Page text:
Thangaratinam, S. et. al., Pulse oximetry screening for critical congenital heart defects in asymptomatic newborn babies: a systematic review and meta-analysis
Rasiah & Ewer., A business case to establish a neonatal pulse oximetry programme for screening of congenital heart defects
Let’s make Art for Hearts Sake
Art Competition launch kicks off Congenital Heart Disease Awareness Week
Five year old Harley, from Portavogie, donned his white coat and stethoscope to highlight the beginning of Congenital Heart Disease Awareness Week, as he launched the ‘Children’s ArtBeat competition with Zoe, 11, from Ballyclare at the Ulster Museum in Belfast. Both Harley and Zoe have complex heart defects.
The Children’s ArtBeat competition is for 4 – 11 year olds and Children’s Heartbeat Trust is asking each child to design or imagine their own heart, using whatever materials or colours their imagination desires! The competition closes on Friday 25th April with three top prizes up for grabs for the lucky winners.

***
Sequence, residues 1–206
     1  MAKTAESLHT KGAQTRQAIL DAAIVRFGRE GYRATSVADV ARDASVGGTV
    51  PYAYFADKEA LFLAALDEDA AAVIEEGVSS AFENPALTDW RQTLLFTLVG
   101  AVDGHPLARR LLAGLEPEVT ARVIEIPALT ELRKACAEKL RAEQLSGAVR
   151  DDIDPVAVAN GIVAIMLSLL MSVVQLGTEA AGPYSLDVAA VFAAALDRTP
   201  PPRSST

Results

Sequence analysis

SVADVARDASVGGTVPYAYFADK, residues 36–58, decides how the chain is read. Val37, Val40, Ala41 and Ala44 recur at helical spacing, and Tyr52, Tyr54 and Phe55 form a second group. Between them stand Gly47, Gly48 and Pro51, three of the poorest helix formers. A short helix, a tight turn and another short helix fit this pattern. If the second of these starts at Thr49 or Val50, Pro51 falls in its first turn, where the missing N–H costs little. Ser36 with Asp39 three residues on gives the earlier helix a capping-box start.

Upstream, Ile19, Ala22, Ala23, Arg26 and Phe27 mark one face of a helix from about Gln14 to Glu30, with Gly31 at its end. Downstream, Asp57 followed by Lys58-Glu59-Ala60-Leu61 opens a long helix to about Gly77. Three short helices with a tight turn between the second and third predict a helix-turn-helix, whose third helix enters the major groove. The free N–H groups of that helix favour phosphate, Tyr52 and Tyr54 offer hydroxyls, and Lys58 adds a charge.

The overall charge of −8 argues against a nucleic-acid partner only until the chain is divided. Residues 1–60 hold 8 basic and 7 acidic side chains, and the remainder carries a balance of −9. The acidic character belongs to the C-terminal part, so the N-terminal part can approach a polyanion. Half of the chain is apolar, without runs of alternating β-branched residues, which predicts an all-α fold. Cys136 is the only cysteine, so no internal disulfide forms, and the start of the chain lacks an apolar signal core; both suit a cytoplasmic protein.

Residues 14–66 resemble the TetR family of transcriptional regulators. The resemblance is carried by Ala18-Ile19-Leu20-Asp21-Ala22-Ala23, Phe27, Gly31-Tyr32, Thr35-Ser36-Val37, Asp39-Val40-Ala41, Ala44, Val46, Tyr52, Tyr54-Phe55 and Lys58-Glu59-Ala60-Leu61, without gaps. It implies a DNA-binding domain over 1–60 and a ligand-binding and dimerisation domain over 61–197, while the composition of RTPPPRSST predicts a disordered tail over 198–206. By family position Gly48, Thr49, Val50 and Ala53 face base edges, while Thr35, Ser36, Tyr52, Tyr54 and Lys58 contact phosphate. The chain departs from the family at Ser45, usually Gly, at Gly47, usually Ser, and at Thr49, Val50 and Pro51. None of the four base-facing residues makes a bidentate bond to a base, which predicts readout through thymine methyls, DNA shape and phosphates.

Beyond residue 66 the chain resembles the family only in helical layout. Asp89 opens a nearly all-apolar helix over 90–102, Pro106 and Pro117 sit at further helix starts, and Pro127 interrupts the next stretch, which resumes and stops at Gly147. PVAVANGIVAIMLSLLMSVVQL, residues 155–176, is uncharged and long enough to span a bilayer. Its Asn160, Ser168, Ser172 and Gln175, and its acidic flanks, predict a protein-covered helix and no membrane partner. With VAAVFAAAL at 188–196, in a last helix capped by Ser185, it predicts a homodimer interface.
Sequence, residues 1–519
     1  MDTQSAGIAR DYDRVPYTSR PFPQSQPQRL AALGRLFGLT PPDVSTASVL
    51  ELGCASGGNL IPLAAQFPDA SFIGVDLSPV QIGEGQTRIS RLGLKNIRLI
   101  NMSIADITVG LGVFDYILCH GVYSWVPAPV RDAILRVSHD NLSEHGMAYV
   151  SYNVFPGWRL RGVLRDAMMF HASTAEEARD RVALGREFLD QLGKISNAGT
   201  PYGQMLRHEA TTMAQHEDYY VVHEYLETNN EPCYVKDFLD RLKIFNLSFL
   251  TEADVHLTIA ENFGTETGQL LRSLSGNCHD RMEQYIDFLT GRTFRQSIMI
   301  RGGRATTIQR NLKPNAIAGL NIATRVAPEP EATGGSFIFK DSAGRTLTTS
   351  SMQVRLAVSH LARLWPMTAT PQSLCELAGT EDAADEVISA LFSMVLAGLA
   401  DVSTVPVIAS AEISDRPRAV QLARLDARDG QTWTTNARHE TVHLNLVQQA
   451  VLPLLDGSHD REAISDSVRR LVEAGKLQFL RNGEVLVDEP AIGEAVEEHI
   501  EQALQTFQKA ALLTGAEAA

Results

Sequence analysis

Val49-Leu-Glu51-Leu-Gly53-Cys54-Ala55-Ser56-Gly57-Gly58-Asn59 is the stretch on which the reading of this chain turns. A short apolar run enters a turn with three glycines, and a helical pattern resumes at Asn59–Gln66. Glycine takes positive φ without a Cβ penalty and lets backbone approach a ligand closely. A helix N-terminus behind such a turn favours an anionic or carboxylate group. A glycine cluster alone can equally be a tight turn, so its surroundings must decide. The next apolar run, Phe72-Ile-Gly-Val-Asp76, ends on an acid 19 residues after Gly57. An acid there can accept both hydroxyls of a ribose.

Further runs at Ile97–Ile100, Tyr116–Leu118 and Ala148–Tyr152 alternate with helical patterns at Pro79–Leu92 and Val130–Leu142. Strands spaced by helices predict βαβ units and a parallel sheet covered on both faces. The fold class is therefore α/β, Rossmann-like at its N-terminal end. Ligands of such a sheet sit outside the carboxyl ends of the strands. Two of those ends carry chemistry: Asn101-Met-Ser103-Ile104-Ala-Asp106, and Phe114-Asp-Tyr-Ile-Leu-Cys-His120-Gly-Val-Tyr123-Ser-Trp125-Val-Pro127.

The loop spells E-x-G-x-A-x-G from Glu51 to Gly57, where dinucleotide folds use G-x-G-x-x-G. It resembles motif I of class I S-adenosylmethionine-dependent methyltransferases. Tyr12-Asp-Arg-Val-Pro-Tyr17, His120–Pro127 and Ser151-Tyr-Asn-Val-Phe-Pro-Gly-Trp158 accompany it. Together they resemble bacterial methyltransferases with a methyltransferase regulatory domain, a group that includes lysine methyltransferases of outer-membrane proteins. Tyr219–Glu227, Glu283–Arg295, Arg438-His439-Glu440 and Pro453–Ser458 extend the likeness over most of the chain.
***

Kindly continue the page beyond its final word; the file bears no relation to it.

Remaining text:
As well as the competition, the week will include an information event about Pulse Oximetry in partnership with the All Party Group on Congenital Heart Disease at the Northern Ireland Assembly. Pulse Oximetry is a simple, non-invasive technique which measures oxygen saturation levels at birth and can greatly increase early detection of a critical congenital heart defect to around three-quarters. Early detection means that the baby’s outcome is much more likely to be positive, as early treatment leads to better results.
Speaking at the competition launch, Sarah Quinlan, Executive Officer of Children’s Heartbeat Trust said: “Congenital Heart Disease is the most common birth defect in Northern Ireland, with over 250 babies born each year with the disease. Treatment can include surgery, medical treatment and extended periods of hospitalisation. Supporting children with the defect and their families is critically important and this week, as well as highlighting the impact on children, will also show the great work by clinicians and support provided for families.”
You can email email@example.com to get the competition or the competition and rules can be downloaded here